“Malia Obama’s ‘Gap Year’ Is Part of a Growing (and Expensive) Trend,” said Mike Mcphate of the New York Times, after it was announced that Malia Obama, daughter of Michelle and Barack, was having a gap year before she went to Harvard.
Some newspapers cited costs in the region of $35,000 for a gap year. But in my experience, gap years don’t have to be expensive. And for most young people, they cost a lot less than getting educated and getting by in most western countries.
Before I moved to Bali, I lived in a student city in the Netherlands, where my rental costs swallowed up $500 a month. Now I live on a tropical island and spend less than $500 on all my expenses combined.
It’s not that my old $500 room in the Netherlands was luxurious. It’s just that renting doesn’t come cheap in my home country. In fact, the high costs of living back home are making it harder and harder for young people who aren’t yet taking home a graduate salary.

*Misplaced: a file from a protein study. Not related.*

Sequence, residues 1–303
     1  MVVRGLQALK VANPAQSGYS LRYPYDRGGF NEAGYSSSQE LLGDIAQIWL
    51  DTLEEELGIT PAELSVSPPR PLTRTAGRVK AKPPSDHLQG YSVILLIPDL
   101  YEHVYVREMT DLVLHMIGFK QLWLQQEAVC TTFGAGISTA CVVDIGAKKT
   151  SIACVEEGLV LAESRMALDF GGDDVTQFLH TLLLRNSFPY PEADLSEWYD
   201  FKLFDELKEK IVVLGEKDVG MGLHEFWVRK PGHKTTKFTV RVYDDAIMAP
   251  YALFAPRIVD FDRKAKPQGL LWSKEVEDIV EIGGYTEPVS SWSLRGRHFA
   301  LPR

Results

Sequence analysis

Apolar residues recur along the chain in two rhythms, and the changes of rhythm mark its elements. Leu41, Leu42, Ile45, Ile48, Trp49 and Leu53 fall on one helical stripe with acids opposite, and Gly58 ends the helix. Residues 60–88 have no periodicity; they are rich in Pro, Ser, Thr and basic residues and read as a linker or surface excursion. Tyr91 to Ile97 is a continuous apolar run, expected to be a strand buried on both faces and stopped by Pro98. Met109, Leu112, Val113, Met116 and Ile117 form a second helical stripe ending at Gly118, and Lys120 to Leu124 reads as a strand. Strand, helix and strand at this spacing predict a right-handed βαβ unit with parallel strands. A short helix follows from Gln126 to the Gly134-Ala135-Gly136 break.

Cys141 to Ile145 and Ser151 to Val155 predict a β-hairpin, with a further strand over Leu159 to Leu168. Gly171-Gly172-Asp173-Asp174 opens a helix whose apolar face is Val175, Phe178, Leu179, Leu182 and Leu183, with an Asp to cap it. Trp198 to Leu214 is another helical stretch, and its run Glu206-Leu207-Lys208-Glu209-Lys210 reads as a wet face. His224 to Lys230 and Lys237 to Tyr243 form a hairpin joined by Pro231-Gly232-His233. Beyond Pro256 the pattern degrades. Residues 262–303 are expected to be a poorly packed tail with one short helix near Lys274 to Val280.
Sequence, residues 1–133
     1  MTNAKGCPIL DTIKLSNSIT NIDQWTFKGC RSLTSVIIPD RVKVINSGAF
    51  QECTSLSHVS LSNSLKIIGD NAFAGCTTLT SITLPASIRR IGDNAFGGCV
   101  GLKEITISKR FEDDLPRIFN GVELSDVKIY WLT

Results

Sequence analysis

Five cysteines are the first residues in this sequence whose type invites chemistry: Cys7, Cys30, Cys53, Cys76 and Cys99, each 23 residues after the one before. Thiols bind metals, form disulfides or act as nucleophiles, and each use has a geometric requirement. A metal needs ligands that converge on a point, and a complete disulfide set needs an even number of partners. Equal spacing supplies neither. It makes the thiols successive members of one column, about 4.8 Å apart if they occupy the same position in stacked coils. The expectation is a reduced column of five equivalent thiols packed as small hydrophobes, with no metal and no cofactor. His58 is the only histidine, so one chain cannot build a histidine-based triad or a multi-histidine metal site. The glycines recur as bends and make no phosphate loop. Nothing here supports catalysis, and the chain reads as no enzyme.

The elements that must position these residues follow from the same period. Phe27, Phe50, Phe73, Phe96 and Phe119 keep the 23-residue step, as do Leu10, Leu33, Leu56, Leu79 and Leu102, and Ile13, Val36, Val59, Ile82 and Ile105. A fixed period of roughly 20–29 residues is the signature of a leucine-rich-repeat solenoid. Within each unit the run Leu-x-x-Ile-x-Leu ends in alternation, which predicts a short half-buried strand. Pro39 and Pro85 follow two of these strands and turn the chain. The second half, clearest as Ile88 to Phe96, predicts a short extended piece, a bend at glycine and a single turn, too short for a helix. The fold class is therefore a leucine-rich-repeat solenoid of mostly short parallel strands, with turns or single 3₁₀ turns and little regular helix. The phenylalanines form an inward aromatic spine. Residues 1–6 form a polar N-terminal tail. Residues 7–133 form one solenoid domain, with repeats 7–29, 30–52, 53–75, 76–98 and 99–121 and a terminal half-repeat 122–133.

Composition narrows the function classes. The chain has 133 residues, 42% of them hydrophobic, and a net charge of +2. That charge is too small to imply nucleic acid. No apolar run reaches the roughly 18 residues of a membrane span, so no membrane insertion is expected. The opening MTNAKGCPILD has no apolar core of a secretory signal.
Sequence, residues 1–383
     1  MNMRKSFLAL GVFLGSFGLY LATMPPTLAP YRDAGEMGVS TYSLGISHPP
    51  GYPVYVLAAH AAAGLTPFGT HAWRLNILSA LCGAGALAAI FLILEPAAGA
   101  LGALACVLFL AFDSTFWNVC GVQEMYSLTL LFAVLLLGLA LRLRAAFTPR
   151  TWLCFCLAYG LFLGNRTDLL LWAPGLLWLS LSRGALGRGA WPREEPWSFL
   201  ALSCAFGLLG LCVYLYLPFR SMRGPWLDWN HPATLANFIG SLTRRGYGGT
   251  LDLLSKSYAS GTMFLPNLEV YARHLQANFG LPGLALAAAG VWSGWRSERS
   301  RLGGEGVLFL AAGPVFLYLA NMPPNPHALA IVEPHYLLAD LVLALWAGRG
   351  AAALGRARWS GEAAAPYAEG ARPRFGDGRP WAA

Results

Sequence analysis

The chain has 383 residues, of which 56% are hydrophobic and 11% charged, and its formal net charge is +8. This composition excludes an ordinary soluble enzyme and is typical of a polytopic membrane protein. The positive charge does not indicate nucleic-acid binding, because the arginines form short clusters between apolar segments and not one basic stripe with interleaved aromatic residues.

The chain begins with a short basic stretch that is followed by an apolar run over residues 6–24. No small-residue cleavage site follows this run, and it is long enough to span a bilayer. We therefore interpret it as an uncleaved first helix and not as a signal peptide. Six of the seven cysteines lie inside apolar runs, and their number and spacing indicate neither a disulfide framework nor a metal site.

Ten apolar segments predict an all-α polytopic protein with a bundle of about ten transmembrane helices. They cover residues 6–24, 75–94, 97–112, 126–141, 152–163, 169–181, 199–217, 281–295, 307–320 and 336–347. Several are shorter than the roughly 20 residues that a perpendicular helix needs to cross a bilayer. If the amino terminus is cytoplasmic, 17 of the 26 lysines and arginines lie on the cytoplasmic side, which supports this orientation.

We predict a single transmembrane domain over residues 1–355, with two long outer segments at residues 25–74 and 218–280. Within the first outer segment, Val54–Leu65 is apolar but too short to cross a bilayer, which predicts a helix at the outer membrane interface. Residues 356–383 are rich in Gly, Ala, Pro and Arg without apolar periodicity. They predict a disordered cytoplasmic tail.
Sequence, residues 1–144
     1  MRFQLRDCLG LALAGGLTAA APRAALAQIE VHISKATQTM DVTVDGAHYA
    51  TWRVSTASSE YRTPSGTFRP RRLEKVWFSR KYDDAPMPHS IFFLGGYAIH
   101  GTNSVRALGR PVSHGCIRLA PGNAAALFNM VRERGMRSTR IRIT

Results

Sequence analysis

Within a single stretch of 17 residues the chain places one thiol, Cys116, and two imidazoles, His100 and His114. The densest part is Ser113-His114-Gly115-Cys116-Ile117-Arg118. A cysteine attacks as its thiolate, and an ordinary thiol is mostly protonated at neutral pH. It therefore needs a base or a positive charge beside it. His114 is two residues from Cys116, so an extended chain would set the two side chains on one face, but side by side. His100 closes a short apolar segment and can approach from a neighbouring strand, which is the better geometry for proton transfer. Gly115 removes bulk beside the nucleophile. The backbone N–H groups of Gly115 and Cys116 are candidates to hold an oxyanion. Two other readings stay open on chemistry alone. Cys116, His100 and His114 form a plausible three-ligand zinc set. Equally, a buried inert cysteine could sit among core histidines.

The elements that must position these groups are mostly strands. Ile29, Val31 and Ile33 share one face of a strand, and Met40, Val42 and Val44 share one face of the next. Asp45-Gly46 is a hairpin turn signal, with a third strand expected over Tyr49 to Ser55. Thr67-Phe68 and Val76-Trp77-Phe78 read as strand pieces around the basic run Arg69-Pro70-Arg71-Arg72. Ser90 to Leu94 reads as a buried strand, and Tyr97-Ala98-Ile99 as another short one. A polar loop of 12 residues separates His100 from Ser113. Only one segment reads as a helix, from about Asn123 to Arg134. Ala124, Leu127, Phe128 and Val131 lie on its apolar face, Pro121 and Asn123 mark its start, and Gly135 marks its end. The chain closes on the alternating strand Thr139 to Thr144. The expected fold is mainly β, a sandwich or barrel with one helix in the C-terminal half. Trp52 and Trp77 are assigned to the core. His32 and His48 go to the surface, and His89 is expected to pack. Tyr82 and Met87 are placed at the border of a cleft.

In Bali, my money goes much further. I now live on the edge of a jungle, close to the beach in a Balinese compound, for less than a tenth of the price.
And then there’s the food. I don’t spend more than $2 a meal. Indonesian meals such as Nasi Campur often taste better at street stalls and Nasi Padang, where you can select your own meal from plates displayed in a restaurant front window. I also save on transport by renting a scooter for around $45 a month.
Moreover, the growing number of jobs that can be done online mean you don’t have to watch your bank balance sink southwards while you see the world. You can earn at the same time.
You don’t have to spend a fortune to have an amazing gap year experience. And having tried living cheaply in both Bali and the Netherlands, I can personally vouch for the fact that living cheaply here is far less depressing than eating spaghetti out of a can back home.